9. This really isn't accurate, in my experience. I mean yes, it's there - but just the fact that it's moved from EPTs to specific pilots means it's far more limited, and a simple boolean "It exists" really doesn't capture the differences. The post you quoted mentions Fel and Whisper. They're both good examples. Old Fel was basically guaranteed three tokens. New Fel caps at two, and you need a bullseye arc target to get the second. Yes, Whisper (and Echo) can easily end up with multiple tokens, but the new Phantom requiring an Evade to recloak changes that dramatically. These things do not disprove the claims that it's back to a game of flying and decision-making - it reinforces them. Sure, Fel can still get multiple tokens, but it relies on flying better than your opponent. Phantoms under fire have to make a choice between spending the Evade to avoid damage or saving it to recloak. Incidentally, the recloak also becomes subject to the various token stripping effects. If you walk into a random game of 2.0, look at the table, and go "Fel still has two tokens, pfft, nothing's changed" and walk out, you're really, REALLY missing the point.
  10. Yes, the power level is down from 1.0. That's the entire point of 2.0. The reduced power of various abilities and weapons makes the decisions you make on the table matter more. It's back to being a game about flying and dogfighting rather than a CCG that just happens to have miniatures and take way longer to play.
  11. This is very dependent on the game system itself though, and I'm not sure it could work for Destiny. I'd also argue that such tiebreakers are, themselves, far from perfect. There's even an argument that they're worse than SoS. There's still the same element of randomness, but it plays out in reverse. Consider two first round pairings - two very good players get matched, and an average player against a complete newbie. The two good players have a tight match, and the winner walks away with 10-20 points MoV. The average player wipes out the newbie, and gets 100 points of MoV. With SoS, the losing good player probably has a good day, and that reflects well for the winning good player. But with MoV, he's basically stuck with a "weak" win. SoS punishes you for playing weaker players; MoV rewards you for it. If you're going to try and stack rank players with the same record at the end of the day, doesn't it make more sense to rank the people with the harder opponents higher? Also worth noting both systems to tend to punish the loser equally. If you lose to a good player, then your SoS will reflect that and you'll be higher. If you lose to a good player with a close MoV, you're punished less.
  12. It's not hard to understand why. I'll agree that the system has notable flaws (more on that in a sec) but if you're going to get hurt rather than understanding the system, that's on you. I do agree with all this, and even said as much in what you quoted The problem is... what do you do to fix it? Elimination will suck worse - sure, it'll be a lot easier to understand what happened, but it's far worse overall results. Two of the best players end up in the same bracket and one knocks the other out, how is that any more representative? Still luck, unless you want to suggest some seeding system that would require full history and tracking of players. Plus you end up with people playing one or two games and then being out, which isn't much fun either. Tiebreakers sound nice enough, but how do you actually handle them? He says there were 4 people at 4-1, that would be two more rounds to eliminate them, and that's just for third (second, maybe?) place, and in a small tournament. What if there are 3? Or (as is more common in a large event) 12? If I remember right, our regional last year had about 10-15 people at 5-2, and only one made the cut. Are you really going to run another full event to determine who gets that last spot in the cut, so they can then go into the cut? And there are prized for Top 4, and Top 8, which can be nice in large events. What do you do when 3rd-5th are 5-1, and 6th-10th are 4-2? SoS certainly has its issues, but I have yet to see anyone suggest a better system that actually holds up to full implementation and is reasonable to implement. The one thing that can be done is to add more Swiss rounds, but even that won't solve all the problems. It's important to note that a cut doesn't solve it either - it just changes the SoS impact from "Why did I miss out on the Top 4 prizes, I was 4-1!" to "Why didn't I make the cut, I was 4-1!"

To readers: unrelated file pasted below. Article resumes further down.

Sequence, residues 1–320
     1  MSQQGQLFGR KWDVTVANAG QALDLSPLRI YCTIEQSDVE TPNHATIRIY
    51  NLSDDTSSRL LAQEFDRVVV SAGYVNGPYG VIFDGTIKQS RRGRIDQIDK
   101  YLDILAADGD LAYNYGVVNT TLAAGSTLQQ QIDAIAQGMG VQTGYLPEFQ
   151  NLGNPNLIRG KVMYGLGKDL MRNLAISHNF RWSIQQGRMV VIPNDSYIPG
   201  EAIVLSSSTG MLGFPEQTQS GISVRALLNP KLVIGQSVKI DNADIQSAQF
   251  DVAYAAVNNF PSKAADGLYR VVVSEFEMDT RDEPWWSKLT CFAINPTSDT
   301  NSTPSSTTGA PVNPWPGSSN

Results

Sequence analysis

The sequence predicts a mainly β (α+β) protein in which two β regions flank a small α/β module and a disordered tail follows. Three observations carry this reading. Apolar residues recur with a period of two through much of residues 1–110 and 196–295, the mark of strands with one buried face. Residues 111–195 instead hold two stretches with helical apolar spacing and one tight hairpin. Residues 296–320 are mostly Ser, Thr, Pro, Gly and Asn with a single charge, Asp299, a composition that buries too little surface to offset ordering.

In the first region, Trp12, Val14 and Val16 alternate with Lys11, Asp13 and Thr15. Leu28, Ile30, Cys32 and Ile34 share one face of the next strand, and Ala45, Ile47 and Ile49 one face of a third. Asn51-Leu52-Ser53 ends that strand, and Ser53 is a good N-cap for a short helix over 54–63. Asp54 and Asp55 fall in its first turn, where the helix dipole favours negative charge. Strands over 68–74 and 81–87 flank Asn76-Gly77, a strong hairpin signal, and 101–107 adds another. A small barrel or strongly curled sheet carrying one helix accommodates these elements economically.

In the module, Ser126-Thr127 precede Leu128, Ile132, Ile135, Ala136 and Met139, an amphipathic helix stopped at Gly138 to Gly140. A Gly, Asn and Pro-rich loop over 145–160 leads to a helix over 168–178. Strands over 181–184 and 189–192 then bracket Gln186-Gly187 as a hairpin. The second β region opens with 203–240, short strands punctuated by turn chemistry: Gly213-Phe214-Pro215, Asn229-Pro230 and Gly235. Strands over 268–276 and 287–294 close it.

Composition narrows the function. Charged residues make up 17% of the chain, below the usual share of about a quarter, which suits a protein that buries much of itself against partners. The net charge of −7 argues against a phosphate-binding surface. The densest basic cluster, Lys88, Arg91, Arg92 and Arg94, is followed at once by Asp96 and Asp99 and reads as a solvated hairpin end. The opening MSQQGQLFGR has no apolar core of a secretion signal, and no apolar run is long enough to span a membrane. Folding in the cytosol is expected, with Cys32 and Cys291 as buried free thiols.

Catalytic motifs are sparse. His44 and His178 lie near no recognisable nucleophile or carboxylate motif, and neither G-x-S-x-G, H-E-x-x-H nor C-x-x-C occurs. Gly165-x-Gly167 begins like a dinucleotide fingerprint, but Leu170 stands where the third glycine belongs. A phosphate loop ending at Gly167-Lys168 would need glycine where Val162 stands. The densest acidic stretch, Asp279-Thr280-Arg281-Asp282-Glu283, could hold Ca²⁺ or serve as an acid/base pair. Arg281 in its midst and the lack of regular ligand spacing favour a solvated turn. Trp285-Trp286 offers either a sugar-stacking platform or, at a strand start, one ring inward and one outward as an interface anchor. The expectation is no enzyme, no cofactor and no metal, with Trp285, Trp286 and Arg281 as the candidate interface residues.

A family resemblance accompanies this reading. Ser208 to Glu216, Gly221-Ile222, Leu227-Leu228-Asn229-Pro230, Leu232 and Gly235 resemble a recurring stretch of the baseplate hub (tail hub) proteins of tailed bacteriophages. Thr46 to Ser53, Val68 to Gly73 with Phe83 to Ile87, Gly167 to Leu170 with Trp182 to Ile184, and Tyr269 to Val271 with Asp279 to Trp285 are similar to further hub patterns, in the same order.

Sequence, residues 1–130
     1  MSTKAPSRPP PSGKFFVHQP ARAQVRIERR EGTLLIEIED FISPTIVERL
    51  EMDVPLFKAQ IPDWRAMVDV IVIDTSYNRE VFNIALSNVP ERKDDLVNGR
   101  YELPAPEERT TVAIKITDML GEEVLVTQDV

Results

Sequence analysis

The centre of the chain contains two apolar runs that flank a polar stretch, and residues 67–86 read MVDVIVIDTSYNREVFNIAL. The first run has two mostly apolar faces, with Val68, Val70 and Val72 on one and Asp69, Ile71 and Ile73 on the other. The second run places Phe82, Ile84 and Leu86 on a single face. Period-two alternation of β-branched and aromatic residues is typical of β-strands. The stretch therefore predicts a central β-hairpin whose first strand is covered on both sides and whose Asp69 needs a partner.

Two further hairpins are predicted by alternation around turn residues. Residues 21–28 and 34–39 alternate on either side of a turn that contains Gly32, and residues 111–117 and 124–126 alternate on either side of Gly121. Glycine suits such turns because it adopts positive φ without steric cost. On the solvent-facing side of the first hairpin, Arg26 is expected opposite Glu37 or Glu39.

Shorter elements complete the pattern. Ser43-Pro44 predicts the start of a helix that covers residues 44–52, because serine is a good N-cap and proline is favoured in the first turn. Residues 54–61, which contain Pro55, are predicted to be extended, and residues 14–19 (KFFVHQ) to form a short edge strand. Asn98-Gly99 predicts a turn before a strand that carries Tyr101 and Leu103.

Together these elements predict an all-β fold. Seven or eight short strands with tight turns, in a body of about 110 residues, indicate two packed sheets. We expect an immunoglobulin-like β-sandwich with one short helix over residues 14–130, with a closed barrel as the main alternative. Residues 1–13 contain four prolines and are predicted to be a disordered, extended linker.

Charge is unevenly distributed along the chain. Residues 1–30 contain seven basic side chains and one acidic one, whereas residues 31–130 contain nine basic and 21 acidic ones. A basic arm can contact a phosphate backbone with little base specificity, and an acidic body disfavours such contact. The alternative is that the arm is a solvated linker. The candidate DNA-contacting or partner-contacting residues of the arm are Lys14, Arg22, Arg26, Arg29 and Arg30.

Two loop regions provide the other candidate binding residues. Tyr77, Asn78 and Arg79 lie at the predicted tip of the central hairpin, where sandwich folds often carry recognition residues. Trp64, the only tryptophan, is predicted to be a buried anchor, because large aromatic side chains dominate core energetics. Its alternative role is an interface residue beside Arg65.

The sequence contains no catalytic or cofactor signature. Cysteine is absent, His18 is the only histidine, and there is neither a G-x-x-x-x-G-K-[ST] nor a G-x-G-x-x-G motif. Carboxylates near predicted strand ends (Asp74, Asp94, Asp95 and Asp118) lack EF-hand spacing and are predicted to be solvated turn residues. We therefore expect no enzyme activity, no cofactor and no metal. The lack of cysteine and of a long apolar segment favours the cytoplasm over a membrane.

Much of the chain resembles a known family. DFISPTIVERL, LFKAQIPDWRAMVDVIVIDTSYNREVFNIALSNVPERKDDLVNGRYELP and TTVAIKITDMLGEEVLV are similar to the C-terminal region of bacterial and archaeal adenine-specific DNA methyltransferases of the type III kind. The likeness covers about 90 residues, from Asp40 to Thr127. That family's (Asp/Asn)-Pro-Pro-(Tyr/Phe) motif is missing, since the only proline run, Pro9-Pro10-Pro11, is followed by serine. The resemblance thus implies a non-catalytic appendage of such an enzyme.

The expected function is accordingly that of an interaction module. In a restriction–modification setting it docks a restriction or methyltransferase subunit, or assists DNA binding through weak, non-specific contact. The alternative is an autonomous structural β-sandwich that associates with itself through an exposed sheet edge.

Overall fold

13. Because all your opponents matter, not just the best one. If your first round opponent goes 0-4, and your second goes 1-3 (or even potentially 0-4 if you're really unlucky and there's an odd number) then you didn't play strong opponents. SoS is often frustrating, but unless you want to play elimination where half of those people who drove 200 miles go home after one game, it's about the only option. There is certainly going to be a bit of randomness to it, especially from the early rounds. The farther you get into the event the less random each game's contributing SoS is. If there's one thing FFG should change it would be to increase the number of swiss rounds so it lessens the impact of the early randomness. I'm honestly not sure why they don't - Destiny plays quick enough that 1 or even 2 extra rounds wouldn't extend events by that much. I also have to admit I'm having a hard time reconciling "People came to have fun" and "The system didn't rank people where they thought they deserved so I'm quitting this game." If people are that tied up in the final standings or the status symbol of a mat that can be had on eBay for $20, that feels like the opposite of coming to have fun.